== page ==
Strange Weather, Isn't It?
Goes well with: LCD Soundsystem, The Rapture, Out Hud
For more than a decade, New York City-by-way-of- Sacramento eight-piece !!! (pronounced “Chk Chk Chk”) have served up shrewd, sexy dance-punk that owes as much to Donna Summer as it does to Gang of Four. But a lot has changed: Vocalist / drummer John Pugh left in 2007, and drummer Jerry Fuchs died last November when he accidentally fell down an elevator shaft.
On their fourth record, Strange Weather, !!! is more or less the same band it was on its self-titled 2001 debut, incorporating pulsating synths, slick female vocals and four-to-the-floor house beats into a groovy stew, heavy on rhythm and texture. Their guitars are as dreamy as they are funky, and Nic Offer still has that sassy, low-slung croon. The funkiness falls flat at some points, but highlights like “The Most Certain Sure” and “Steady as the Sidewalk Cracks” have lingering hooks.
Strange Weather doesn't break any new ground for the band—to say nothing of dance music in general. It won't blow your mind, but it'll make an ideal soundtrack for a hipster dance party.
As the Ox Plows
(Paper and Plastick)
Goes well with: Tiltwheel, Leatherface, Vena Cava
The first thing you need to know about Dan Padilla is this: Dan Padilla is a band, not a person. The second thing you need to know about Dan Padilla is this: Dan Padilla is not Tiltwheel.
Davey Quinn and J. Wang play in both bands, and if you stumble into Tower Bar one night to see Davey with his iconic beard, ball cap and beer gut, it can be hard to tell which band is playing, especially if you're shitfaced. Here's a clue: Tiltwheel has three-members; Dan Padilla has four. To add to the confusion, Tiltwheel is also releasing a new record, which raises an interesting question: Does Davey ever get confused about which band he's playing in?
As the Ox Plows follows last year's release of A Collection, Not Perfection, offering 12 tracks of melodic, mid-tempo punk rock. The songs are a strident mix of the personal and the political. Even nostalgic laments like “MNPLS” are expressed with martial urgency.
But the track that hits the hardest is “Something After,” a countrified number that soulfully summarizes the situation for many in the scene: What do you do when your friends keep dying, you're stuck in a rut of drinking and drugging and you're all out of excuses? You look for something after, and pray you don't find it.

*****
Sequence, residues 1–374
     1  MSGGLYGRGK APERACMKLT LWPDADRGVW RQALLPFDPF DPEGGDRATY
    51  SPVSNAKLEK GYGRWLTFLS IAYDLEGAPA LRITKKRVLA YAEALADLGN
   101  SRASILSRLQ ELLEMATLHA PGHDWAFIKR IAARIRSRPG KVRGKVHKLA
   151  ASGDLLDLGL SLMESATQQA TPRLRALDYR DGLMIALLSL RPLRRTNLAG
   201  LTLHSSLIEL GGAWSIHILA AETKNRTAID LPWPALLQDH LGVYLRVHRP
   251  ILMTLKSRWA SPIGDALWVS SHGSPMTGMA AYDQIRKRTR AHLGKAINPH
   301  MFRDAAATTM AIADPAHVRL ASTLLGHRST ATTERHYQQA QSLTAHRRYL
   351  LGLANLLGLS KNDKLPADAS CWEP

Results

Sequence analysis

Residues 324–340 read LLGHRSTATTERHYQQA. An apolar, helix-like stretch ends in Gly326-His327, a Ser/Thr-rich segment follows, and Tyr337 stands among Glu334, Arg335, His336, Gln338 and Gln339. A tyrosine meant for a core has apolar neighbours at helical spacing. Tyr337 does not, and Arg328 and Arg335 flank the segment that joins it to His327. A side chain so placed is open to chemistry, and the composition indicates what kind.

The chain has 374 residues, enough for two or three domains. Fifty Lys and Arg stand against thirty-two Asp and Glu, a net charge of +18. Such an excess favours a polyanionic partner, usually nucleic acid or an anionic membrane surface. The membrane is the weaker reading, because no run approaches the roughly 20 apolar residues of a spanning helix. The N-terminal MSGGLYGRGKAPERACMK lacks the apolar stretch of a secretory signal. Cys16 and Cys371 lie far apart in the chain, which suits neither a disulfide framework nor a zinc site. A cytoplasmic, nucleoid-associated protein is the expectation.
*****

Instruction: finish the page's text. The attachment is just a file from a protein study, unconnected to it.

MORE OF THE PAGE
Dan Padilla plays Sunday, Sept. 5, at The Office.
Ted Leo and the Pharmacists
The Brutalist Bricks
Goes well with: The Clash, Elvis Costello, Squeeze
Ted Leo has become the Energizer Bunny of the alternative-rock circuit. As scenes change and trends evolve, Leo continues to march through towns at a standard clip, beating on his faithful drum with his loyal band of Pharmacists in tow.
Leo's sixth album with the Pharmacists, The Brutalist Bricks, is notable because it's his first on New York's influential Matador label. He seems to have found a cozy new home after his previous label, Touch and Go, went tits-up recently. It's also comforting to know that friends in high places are unwilling to let him drift into obscurity, as he's still one of the best acts on the circuit.
Though Leo's past is rooted in punk, he's most effective when he ventures into the same power-pop territory that Elvis Costello banked on in the late '70s. Leo has a knack for crafting strong pop songs like “Bottled in Cork,” in which a brilliantly placed, rapid-fire opening slows into an acoustic number reminiscent of “Up the Junction” by Squeeze. It's clever storytelling in the catchiest sense and easily one of the best songs of the year so far.
Like Costello, Leo's secret weapon is his ace backing band. The Pharmacists execute these numbers with jarring precision in a climate filled with sloppy two-pieces and lazy backing tracks. It's further proof that years of touring does a band good. The Brutalist Bricks captures Leo and his Pharmacists firing on all cylinders, but whether the world will finally pause to properly praise them remains to be seen.
Ted Leo plays Thursday, Sept. 2, at The Che Café and Friday, Sept. 3, at The Casbah.